ssentially, the Indian tax regime is a fairly multifaceted game between the Union government and the state governments. The allegation of double-taxation comes from this. Furthermore, when the Constitution was framed, they made it so that the Union government could levy service tax which they thought would earn more while the states were allowed a monopoly on the sales tax. As the GST reached its final stages, the historic legislation promises to unify the tax system for the nation and increase the GDP by 2 per cent. GST increased the woes of the common man by 80 per cent, concerns by 70 per cent, pain by 50 per cent, and strain on pocket by 50 per cent. But the optimists see the GST as a silver bullet that can cure all of India’s economic problems, from poverty to growth, inflation to doing business. Pessimists say too many objectives are being loaded on the GST, and there will be no accountability in the system. The truth lies somewhere in the middle. How should we think about evaluating the rollout of GST? There are five windows through which we can view this process and come to dependable conclusions — consumption, production, inflationary pressures, compliances, and tax buoyancy.
The life of an average Indian has become harder, pushed prices up and failed them and their hopes miserably. The performance of the GST Council needs to be evaluated on these five parameters. There is a danger of the Council getting lost in the maze of accountability. What if inflation rate remains low but not due to tax efficiency but because of a cut in consumption? Or, consumption remains constant but profits of corporations fall and impact tax revenues through reduced direct taxes? Or the weight of compliance forces the entrepreneurs towards evasion, non-reporting, or plain bribery of the dreaded License Raj of the past? These are the questions that the Council needs to think about. Like demonetsation, whose evidence of success or failure must go beyond the anecdotal, the real impact of the GST (Goods and Services Tax) will not be judged by the policy archer’s target practice but by actual data and empirical observations. These will be visible in about six to eight quarters to quantify. But even before the GST rollout, we have one success metric — politics. In the field of federalism, the Srinagar Consensus saw the combined efforts by the Centre and the States through the institution of the GST Council usher in a transformative tax system, and take a gamble on the economic growth. This is a landmark in India’s democratic policymaking. While we wait to strengthen and consolidate its successes and take course correction and modifications on its failures, we need to be clear about how we go about evaluating this approach to taxation. India needs to move away from the doom and gloom scenarios and predictions.
A tax impact the aggregate consumption in the economy and nudges its constituents — households, firms, governments — as well as the rest of the world through exports, towards making economic choices. Ceteris paribus, a higher rate of GST on one commodity would shift consumer preference towards alternatives with a lower taxes or lead to its non-consumption on the margins. Not all decisions are rational, as neoclassical economists would have us believe, but in the summative, the logic of lower prices leading to greater depletion and vice versa stand. We have seen this work through monetary policy in the past when increased interest rates led to a fall in consumption and through it the inflation rate. On the fiscal side, the GST will achieve the same result by making the prices of goods and services cheaper or steeper and through them impact consumption. If the rates are optimal, aggregate consumption will not change; if low, it could lead to a rise in the consumption; if high, a fall.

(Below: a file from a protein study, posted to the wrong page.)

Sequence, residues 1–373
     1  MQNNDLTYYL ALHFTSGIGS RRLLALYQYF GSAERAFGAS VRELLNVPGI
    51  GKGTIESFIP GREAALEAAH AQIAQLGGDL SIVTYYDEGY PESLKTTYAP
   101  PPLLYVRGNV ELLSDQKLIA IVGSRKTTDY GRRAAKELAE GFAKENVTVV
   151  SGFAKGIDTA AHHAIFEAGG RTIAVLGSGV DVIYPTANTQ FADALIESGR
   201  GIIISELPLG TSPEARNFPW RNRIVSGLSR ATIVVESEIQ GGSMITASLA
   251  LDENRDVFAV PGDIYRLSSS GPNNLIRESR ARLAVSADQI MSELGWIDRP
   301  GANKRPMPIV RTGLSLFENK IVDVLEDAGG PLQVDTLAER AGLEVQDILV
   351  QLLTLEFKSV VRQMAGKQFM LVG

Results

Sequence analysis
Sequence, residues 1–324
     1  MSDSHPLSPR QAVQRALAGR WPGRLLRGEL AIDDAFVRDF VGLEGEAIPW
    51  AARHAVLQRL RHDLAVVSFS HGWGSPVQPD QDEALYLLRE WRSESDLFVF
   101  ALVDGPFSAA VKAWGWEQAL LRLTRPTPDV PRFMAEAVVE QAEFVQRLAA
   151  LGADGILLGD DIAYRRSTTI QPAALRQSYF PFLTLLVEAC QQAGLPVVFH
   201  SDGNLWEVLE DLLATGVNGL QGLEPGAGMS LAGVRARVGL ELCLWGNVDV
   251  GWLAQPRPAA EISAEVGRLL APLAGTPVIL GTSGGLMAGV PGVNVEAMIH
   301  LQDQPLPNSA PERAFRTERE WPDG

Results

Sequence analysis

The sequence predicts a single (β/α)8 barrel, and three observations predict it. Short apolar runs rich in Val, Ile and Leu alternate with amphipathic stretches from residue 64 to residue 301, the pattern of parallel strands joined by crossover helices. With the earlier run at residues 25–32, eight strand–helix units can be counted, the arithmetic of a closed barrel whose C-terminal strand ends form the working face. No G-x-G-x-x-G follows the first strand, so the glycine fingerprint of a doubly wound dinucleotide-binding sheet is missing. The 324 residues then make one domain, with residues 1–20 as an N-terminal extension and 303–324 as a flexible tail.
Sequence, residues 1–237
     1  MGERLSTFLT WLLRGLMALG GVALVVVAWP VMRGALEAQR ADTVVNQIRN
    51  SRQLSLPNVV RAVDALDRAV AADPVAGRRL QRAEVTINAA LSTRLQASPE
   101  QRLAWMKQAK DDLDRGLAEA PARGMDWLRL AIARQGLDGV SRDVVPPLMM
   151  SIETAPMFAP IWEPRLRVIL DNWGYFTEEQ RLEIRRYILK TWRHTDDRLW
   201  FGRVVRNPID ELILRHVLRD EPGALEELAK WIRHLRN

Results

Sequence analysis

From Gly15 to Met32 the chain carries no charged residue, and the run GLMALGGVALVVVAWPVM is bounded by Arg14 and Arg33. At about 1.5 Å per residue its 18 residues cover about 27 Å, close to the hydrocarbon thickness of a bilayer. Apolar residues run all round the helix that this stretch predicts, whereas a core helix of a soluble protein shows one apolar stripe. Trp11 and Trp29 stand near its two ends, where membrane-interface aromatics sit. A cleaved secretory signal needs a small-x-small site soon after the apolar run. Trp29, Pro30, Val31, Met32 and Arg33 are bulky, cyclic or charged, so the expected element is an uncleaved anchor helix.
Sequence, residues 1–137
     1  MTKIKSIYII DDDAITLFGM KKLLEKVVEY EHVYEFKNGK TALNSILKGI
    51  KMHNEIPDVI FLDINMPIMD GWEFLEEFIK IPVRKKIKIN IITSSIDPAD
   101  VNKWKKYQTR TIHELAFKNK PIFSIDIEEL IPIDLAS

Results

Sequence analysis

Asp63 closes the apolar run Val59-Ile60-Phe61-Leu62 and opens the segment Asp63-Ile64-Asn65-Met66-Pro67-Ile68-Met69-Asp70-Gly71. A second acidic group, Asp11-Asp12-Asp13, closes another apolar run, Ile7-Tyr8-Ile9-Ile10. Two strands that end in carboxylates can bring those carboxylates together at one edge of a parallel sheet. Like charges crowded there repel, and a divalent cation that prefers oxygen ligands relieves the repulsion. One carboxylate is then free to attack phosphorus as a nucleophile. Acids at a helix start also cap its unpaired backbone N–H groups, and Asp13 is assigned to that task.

The price tolerance in India is very low. That’s why inflation is more a political issue than an economic one. While Union Finance Minister Arun Jaitley, as well as the State Finance Ministers, have repeatedly emphasised that the GST will not be inflationary, we need to wait for data for its confirmation. The first two quarters have gone in stabilising the new tax regime. The GST is a high-compliance tax system. It is an exceptionally high-digital system as well, from infrastructure and processes to filing and receiving credits. The strain on existing entrepreneurs has increased and those planning to expand capacities or open new outlets may not do so until the system stabilises. New entrepreneurs held their investments until the field is clear and visible. Why invest when there is implementation uncertainty? Of course, any new system will have these problems. The difference is the zeal with which the GST Council has outsourced rules and provisions to bureaucrats and put the weight of ensuring downstream compliance on entrepreneurs, effectively creating a Big Brother society. There will be good business for chartered accountants and lawyers in the short to medium term, possibly longer. But as a nation, we will take several steps back if compliance burden gets the better of our enterprises. The first few quarters of implementation has forced the Council to change rules and fine-tune them such that ease of doing business rises rather than falls. Services got more expensive with implemented GST as states have the services under their net and hence it will mean they can fix higher rates. Phone bills got expensive, food, spa, and luxury services became expensive. Thanks to the pressure from Maharashtra, TN, and Gujarat – which are industrialised states – an intra-state levy of 1 per cent will accrue in addition to the GST. Modi and Jayalalithaa had both opposed the Congress version of the bill previously because they do not want to lose revenue, being export-led states. Now, you don’t have to worry about multiple taxes in multiple places. Earlier you used to see entertainment tax on your movie tickets, service tax on mobile bills or hotel bills, VAT on your purchases and sometimes excise duty as well. All of that have been covered in GST. All your expense bills have a single tax, called ‘GST’. In addition to GST, you will also need to pay ‘income tax’ since that is not going anywhere. And oh, the ‘service charge’ (note: service charge, not service tax) will still haunt you in all the restaurant bills. On the face of it, GST proved to be a mixed bag with some of the necessities becoming cheaper, while the others might get more expensive. While in the long run the GST might have a favourable effect on most of the sectors of the economy, in the short run, as with the most of the reforms, the benefits seem to be limited. Based on the experience of GST implementation in other countries, India could observe an inflationary impact at the onset of the reform, which might fade away once the legislation sinks in.